A Journey Through the Technical Evolution of French Luxury Windows and Doors

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In architectural elegance, French luxury windows and doors shine. They are art, merging form with function seamlessly. Our journey through time begins now. We’ll uncover the history of their technical evolution. This history has shaped French window and door design. From the Middle Ages through the 20th century, these marvels evolved. They offer glimpses into the past. They also set luxury living standards. Maison Janneau, a leading French window maker, focuses on luxury. It serves the United States market. Maison Janneau invites you to explore these iconic elements’ evolution.

16th and 17th Century Windows: The Birth of French Elegance

At the end of the Middle Ages, French houses bore a distinctive half-timbered structure atop a sturdy stone base. Between the vertical posts, windows found their place. In this era, the unique architectural feature of French windows included a vertical mullion and horizontal crosspieces, creating four openings to house the sashes of the cross window. This inward-opening design remains culturally anchored in France and across Europe, where people often refer to windows as “croisée” because of their cross-shaped design.

  • Sliding Windows: In the 16th and 17th centuries, sliding windows, also known as guillotine windows or single-hung windows, gained popularity. However, the less fortunate homes relied on canvas or oiled paper for protection against the elements.
  • Leaded Glazing: Over time, leaded glazing became increasingly prevalent, replacing earlier, more rudimentary window coverings.
  • Wooden Crossing: The stone crossing was gradually replaced by wooden counterparts, and by the late 17th century, leaded stained-glass windows were commonly used.
  • Advancements in Glass: The 17th century witnessed rapid advancements in glassblowing techniques, enabling the manufacture of larger, thicker, and higher-quality sheets of glass. Divided lites, small timbers used to cut glass panes, became the norm.

“Gueule de Loup”, Window of the 18th Century: Opening Up to the Outside

The “Gueule de Loup” window, with its origins in the mid-18th century, marked a significant milestone in the evolution of French windows. This era saw the development of the glass industry, enabling the creation of wider panes that spanned the entire width of a sash. Additionally, the emergence of double-sash windows with no fixed central stile necessitated new applications in joinery and locksmithing.

  • Interlocking Sashes: To close the window effectively, the two sashes were interlocked using the “wolf’s mouth” and the “sheep.” The espagnolette handle facilitated window closure and positioning for partial ventilation.
  • Interior Shutters: These windows featured interior shutters that, when open, folded into two parts within the sashes, adding a decorative touch to the window.
  • Expanding Panes: Panes continued to grow in size, eventually occupying the entire width of the sash. These large panes, known as “glaces,” were commonly used in the 19th century.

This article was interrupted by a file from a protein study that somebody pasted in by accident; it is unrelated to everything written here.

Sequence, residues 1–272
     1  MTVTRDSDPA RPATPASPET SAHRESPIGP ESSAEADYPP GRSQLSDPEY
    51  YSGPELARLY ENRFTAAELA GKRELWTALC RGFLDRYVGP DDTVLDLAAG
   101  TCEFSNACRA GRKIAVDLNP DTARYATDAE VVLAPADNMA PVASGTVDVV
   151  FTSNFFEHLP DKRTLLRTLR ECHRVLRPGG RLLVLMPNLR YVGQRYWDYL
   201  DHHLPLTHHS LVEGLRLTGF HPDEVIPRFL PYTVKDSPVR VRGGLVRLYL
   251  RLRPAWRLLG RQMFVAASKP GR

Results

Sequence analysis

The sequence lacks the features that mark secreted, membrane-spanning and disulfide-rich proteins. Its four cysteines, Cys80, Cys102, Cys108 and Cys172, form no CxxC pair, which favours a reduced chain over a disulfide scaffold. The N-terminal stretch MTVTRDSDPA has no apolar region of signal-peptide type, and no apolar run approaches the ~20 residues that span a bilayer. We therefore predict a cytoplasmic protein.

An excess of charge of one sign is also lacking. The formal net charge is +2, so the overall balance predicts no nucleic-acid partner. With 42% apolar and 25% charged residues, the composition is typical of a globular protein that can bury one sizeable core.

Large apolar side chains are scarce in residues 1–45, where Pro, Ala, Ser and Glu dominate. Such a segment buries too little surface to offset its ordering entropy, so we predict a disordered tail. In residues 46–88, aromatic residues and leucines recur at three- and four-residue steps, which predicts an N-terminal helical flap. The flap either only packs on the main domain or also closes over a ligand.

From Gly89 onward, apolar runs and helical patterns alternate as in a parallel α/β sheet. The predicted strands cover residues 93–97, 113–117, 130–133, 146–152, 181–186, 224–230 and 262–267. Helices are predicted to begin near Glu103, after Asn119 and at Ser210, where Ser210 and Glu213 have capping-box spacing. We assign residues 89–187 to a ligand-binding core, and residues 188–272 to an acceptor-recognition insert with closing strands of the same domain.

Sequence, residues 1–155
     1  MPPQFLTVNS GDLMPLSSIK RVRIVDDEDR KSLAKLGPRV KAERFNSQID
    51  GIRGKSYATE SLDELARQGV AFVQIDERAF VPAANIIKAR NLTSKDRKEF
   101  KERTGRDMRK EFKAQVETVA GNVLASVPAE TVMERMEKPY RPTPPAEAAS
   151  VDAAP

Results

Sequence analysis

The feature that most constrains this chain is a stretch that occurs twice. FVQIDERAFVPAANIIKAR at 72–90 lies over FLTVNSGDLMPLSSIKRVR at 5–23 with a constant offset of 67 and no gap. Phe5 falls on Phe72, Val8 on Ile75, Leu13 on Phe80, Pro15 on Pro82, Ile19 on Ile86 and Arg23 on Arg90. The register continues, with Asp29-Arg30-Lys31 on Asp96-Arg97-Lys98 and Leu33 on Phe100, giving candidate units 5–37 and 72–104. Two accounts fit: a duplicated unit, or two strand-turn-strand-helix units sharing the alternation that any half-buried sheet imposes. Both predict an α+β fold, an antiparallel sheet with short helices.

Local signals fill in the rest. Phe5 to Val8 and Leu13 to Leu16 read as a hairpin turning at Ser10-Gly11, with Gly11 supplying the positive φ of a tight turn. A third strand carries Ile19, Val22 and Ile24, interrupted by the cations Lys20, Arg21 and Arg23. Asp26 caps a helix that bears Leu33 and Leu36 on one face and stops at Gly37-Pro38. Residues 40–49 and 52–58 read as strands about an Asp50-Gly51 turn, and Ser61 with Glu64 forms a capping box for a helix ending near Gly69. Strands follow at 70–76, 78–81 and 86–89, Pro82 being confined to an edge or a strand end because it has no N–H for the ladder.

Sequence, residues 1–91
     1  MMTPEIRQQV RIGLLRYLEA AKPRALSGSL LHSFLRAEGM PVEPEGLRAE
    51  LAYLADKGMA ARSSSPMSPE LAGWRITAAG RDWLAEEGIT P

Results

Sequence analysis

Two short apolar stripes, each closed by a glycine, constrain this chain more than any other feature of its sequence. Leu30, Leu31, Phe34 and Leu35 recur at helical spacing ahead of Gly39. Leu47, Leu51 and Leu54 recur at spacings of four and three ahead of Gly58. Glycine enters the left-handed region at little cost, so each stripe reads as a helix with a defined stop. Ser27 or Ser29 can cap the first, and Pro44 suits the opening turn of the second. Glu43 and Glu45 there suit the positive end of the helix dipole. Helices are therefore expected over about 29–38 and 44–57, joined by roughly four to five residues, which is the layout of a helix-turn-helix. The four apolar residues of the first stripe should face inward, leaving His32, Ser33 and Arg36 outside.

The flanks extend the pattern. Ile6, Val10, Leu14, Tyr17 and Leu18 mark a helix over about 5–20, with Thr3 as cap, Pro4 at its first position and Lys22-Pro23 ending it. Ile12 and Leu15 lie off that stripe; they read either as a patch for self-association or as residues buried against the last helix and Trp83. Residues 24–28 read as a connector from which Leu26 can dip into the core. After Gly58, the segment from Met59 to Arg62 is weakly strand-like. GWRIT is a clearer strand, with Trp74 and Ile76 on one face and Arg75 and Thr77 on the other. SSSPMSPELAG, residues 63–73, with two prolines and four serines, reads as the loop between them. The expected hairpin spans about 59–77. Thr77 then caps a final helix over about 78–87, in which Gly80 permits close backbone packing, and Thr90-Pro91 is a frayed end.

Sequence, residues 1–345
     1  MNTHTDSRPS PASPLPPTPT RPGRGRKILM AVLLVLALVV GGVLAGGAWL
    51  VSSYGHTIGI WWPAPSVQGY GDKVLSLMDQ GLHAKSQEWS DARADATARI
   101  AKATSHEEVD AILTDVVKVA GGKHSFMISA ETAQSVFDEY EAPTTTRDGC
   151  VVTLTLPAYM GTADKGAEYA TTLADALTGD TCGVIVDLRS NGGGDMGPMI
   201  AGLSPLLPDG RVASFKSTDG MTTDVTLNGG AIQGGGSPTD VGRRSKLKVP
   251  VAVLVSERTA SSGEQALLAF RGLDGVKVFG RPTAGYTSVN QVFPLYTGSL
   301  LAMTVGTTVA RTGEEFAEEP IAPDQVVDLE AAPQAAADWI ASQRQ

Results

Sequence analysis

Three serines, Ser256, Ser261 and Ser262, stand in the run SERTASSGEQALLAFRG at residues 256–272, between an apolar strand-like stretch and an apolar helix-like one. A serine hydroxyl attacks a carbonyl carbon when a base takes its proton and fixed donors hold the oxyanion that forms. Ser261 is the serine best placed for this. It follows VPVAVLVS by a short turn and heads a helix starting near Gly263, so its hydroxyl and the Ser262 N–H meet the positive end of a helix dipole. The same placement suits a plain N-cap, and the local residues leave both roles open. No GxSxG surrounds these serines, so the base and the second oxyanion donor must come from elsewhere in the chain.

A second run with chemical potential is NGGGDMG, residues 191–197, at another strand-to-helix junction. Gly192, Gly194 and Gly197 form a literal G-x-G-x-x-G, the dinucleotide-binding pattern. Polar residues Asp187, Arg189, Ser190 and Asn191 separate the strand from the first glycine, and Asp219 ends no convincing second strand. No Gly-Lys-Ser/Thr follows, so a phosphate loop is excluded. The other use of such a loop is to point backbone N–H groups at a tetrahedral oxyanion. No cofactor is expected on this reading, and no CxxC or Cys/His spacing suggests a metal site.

• Ease of Use: The widespread use of the espagnolette mechanism altered the relationship with the outside world, allowing for greater control and appropriation of the window. A single gesture sufficed to open and close the sashes, enhancing the user experience.

Cremone Window of the 19th-20th Century: Adaptability and Artistic Flourish

In 1798, a tax on doors and windows changed window design, reducing their numbers. The 19th century witnessed a shift from espagnolette to cremone bolt windows. These windows are notable for adapting to different heights.

  • Cremone Bolt Mechanism: The cremone bolt mechanism, originating from different toggle closures used for doors and carriage entrance gates, gained prominence. Its advantage lay in its ability to adapt to any window type, regardless of height, by simply adjusting the length of the rods.
  • Continued Glazing Advancements: Industrial progress continued to advance glazing techniques. In the absence of transom windows, wood panels were still used in upper or lower sections. The turn of the 20th century saw the emergence of artistic movements that influenced window design, from joinery moldings to window surrounds.
  • Wide Windows and Diverse Design: The 20th century witnessed the rise of wide windows and diverse small-wood assemblies, offering a broad spectrum of designs for glazed frames.

Conclusion

The history of French luxury windows and doors captivates with innovation and artistry. It highlights a balance of function and beauty. From the Middle Ages’ cross-shaped windows to the 19th-20th century’s cremone bolt windows, each era added charm and sophistication.

Maison Janneau excels in crafting luxury wood and French windows. This tradition upholds elegance and craftsmanship. Reflecting on this journey, French windows and doors emerge as timeless luxury symbols. They have endured and become icons of sophistication.

Stay tuned for a future article on the history and evolution of windows!

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